Find accommodation in Myanmar

Destination

Your budget

Hotel name (optional)

The comprehensive Myanmar (Burma) travel website

From idyllic beaches on the Bay of Bengal to the snow-capped peaks of the Himalayan north, Myanmar offers a wealth of scenic beauty, ancient religious monuments, bustling cities and fascinating festivals. A country rich in history and Buddhist tradition, it is also filled with warm, friendly people from an amazing variety of ethnic and cultural backgrounds.

But Myanmar is also a fast-changing country unlike anywhere else on earth: many of the facilities and creature comforts you are used to may be difficult to find; there are ethical and political issues to consider; and it can sometimes be a confusing – even disorientating – place to navigate.

Whatever your budget and personal interests, this comprehensive and continually updated website is here to simplify the preparation for your trip, to guide you to the most stunning locations, and help you find the best places to stay. Go-Myanmar.com also offers online domestic travel booking (air, bus, train, boat and car hire) and a variety of tour packages which can be tailored to your own needs.

To stay up-to-date with the latest Myanmar travel and tourism developments, follow us on Facebook or Twitter, or sign up to our free newsletter (further down this page).

Latest Myanmar travel stories
A barrage to the senses – the Taungbyone Nat festival

Taungbyone Festival is Myanmar’s answer to Gay Pride, a rickety country fair, a Pentecostal church and Glastonbury Festival all combined and turned up to 11. Make no mistake, Taungbyone Nat Pwe, held a few miles out of Mandalay, is not for everyone. By anyone’s standard it is an utter barrage to the senses. A ‘Nat’ is the immortal spirit of a real or folkloric figure who died in an immoral or unnatural incident who is exalted through animist worship in parallel to Buddhism. ‘Pwe’ is Myanmar for festival.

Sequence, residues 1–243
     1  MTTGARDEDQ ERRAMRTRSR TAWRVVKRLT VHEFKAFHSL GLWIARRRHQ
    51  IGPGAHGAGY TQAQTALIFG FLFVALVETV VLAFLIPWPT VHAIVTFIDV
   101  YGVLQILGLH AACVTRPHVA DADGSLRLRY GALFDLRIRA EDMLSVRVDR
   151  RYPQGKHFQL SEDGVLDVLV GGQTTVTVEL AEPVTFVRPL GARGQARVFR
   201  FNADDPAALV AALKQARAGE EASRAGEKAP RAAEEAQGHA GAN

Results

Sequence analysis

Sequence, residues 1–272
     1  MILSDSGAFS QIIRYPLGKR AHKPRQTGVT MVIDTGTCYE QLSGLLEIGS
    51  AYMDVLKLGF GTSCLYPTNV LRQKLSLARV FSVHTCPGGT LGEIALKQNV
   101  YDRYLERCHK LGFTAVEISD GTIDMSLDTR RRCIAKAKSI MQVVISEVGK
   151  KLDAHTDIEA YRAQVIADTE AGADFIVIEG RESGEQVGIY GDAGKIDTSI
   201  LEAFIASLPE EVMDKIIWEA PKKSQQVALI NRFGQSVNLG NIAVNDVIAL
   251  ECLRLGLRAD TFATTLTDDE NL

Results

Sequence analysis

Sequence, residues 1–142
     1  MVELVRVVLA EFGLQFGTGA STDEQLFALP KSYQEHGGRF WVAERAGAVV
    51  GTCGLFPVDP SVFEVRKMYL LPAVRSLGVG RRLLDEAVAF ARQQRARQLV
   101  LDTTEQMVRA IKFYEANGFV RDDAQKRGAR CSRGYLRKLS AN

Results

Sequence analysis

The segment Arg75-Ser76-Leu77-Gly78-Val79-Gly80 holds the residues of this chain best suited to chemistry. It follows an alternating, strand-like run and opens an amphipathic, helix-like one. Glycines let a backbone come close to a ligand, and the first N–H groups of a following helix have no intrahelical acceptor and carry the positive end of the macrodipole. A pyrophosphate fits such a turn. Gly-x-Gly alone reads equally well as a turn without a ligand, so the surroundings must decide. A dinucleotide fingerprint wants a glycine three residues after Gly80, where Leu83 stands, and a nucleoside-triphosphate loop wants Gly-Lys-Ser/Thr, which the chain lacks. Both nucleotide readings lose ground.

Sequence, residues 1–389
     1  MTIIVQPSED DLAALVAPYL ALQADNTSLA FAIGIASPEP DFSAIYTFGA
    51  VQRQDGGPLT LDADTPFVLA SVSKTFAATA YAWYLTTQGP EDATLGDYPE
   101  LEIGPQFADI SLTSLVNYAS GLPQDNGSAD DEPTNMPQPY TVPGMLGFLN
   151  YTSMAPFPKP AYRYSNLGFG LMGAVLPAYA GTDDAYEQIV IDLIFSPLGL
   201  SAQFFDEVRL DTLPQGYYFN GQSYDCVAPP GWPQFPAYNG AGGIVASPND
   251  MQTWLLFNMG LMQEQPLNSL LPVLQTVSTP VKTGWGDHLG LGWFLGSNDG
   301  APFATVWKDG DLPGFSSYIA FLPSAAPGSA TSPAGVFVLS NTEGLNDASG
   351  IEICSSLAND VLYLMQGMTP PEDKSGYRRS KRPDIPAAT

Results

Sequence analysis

Arriving early we unfolded ourselves from the sardine tin pickup truck shared taxi from Mandalay. Shuffling our way through avenues of pop up shop stalls in the the sticky mud, shoulder to shoulder with tens of thousands of worshippers, drunks, posing youths, chic transvestites and deformed beggars, tentatively we joined a path-side circle of people transfixed by an enigmatic front man who was delivering a spiel whilst flicking a small black pellet in and out of his mouth with deft and effeminate theatrical hand gestures along wit . . . .

Read More
Taungbyone Festival is Myanmar’s answer to Gay Pride, a rickety country fair, a Pentecostal church and Glastonbury Festival all combined and turned up to 11. Make no mistake, Taungbyone Nat Pwe, held a few miles out of Mandalay, is not for everyone. By anyone’s standard it is an utter barrage to the senses. A ‘Nat’ is the immortal spirit of a real or folkloric figure who died in an immoral or unnatural incident who is exalted through animist worship in parallel to Buddhism. ‘Pwe’ is Myanmar for festival.

Arriving early we unfolded ourselves from the sardine tin pickup truck shared taxi from Mandalay. Shuffling our way through avenues of pop up shop stalls in the the sticky mud, shoulder to shoulder with tens of thousands of worshippers, drunks, posing youths, chic transvestites and deformed beggars, tentatively we joined a path-side circle of people transfixed by an enigmatic front man who was delivering a spiel whilst flicking a small black pellet in and out of his mouth with deft and effeminate theatrical hand gestures along with copious shots of a white spirit. At his feet were arranged a collection of objects, including a dolls head, cans, bottles and medical instruments. These were tools to some kind of ceremony much in the vein of Vodun (AKA Voo-Doo). Although fascinating, much to our regret the searing midday sun was threatening to toast our feeble English constitutions and we were forced into the relative shelter of the central temple where an unrelenting throng hurled votive foliage at the feet of Nat statues.